|Publication number||US5064218 A|
|Application number||US 07/559,662|
|Publication date||Nov 12, 1991|
|Filing date||Jul 30, 1990|
|Priority date||Oct 14, 1988|
|Also published as||CA2046712A1, DE69106262D1, DE69106262T2, EP0469734A1, EP0469734B1|
|Publication number||07559662, 559662, US 5064218 A, US 5064218A, US-A-5064218, US5064218 A, US5064218A|
|Original Assignee||Takata, Inc.|
|Export Citation||BiBTeX, EndNote, RefMan|
|Patent Citations (10), Referenced by (53), Classifications (12), Legal Events (6)|
|External Links: USPTO, USPTO Assignment, Espacenet|
This application is a continuation-in-part of corresponding U.S. patent application Ser. No. 392,642 filed on Aug. 11, 1989 entitled "Vehicle Occupant Restraint System," now U.S. Pat. No. 4,988,119, which is a continuation-in-part of U.S. Patent application Ser. No. 257,971 filed on Oct. 14, 1988 also entitled "Vehicle Occupant Restraint System," now abandoned.
This invention is related to an air cushion restraint system (ACRS) for providing vehicle occupant protection in the event of a vehicle impact, and particularly, to an air bag construction for providing enhanced strength in the area of the attachment of the air bag to the vehicle support structure.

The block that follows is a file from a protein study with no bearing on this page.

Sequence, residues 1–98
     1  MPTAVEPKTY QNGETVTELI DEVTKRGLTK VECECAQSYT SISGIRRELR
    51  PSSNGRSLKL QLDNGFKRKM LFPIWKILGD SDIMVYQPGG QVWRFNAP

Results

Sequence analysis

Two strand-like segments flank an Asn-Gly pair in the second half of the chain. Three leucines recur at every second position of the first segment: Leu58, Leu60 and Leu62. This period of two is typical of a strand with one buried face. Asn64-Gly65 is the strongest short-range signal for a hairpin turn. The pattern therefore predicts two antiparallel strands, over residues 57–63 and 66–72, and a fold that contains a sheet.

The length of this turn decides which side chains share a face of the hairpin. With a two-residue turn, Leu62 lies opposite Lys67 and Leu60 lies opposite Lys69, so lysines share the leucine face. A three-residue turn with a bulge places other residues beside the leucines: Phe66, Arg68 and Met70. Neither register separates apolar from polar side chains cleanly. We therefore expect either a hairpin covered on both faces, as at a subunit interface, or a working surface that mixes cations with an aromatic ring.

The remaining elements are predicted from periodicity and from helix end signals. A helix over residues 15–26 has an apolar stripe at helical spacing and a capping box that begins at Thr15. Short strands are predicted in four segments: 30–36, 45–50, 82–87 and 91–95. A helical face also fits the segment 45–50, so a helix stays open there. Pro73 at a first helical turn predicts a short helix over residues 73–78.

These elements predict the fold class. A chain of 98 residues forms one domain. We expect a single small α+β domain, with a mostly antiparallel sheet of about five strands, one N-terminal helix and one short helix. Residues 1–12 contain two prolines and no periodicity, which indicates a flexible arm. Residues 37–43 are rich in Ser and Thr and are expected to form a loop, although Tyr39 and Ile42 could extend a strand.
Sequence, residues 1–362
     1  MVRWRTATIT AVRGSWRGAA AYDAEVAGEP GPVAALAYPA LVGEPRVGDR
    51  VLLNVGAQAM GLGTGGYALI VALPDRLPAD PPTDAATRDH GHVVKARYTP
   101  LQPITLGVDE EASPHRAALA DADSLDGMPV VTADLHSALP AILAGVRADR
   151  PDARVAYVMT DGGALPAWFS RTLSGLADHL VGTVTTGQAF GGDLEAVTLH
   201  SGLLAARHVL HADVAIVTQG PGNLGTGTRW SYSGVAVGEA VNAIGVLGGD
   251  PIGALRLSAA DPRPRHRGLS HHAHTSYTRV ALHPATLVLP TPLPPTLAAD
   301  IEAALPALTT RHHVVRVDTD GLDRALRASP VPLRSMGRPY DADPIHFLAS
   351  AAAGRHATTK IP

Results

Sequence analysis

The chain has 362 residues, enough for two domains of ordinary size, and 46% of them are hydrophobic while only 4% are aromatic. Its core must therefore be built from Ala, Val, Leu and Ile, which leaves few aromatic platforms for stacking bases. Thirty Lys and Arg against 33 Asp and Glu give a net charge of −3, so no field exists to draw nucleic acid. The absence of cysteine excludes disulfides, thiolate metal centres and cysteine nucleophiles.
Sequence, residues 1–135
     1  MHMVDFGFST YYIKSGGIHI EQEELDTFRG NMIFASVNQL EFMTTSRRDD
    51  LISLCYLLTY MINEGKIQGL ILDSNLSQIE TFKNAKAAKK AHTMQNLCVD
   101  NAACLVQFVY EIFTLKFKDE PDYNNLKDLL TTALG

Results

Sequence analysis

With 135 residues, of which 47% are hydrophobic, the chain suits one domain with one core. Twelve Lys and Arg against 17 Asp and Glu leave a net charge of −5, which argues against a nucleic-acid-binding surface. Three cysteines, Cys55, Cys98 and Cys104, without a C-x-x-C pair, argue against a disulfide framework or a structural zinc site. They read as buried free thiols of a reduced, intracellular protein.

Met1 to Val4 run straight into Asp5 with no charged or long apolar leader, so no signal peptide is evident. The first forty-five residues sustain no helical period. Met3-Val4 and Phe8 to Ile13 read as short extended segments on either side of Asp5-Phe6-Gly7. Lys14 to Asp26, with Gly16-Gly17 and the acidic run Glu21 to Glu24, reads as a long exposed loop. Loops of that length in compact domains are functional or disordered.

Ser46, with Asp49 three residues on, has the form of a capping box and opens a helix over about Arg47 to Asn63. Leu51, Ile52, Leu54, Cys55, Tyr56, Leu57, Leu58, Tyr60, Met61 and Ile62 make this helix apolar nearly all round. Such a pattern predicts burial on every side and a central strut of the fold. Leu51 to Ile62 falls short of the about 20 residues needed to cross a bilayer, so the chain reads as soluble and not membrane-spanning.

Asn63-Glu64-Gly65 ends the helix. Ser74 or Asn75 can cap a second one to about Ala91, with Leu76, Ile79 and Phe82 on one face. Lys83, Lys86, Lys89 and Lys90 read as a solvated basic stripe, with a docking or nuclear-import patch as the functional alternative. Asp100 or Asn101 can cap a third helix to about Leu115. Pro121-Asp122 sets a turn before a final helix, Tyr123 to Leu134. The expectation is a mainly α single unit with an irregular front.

Impact actuated inflatable occupant restraint systems typically comprise a source of a non-combustible inflating gas and a folded inflatable air bag. A crash sensor is used to detect deceleration of the vehicle due to impact and actuates the inflator. Upon inflation, the bag is deployed to provide a resilient restraint for absorbing the kinetic energy of the occupant's body within the vehicle.
In a typical air cushion restraint system configuration, the inflator unit is mounted to a vehicle support structure, and the air bag, which defines an enclosed volume for receiving the inflation gas, is also attached to the support structure. The inflation gas typically fills the air bag through an inflation gas opening or mouth. The air bag is attached to the support structure around the inflation opening, usually by being clamped between the ACRS housing and a mounting ring. Air cushion restraint systems designed for the driver's side of a motor vehicle are generally packed into the steering wheel whereas the passenger side ACRS is mounted inside the vehicle instrument panel.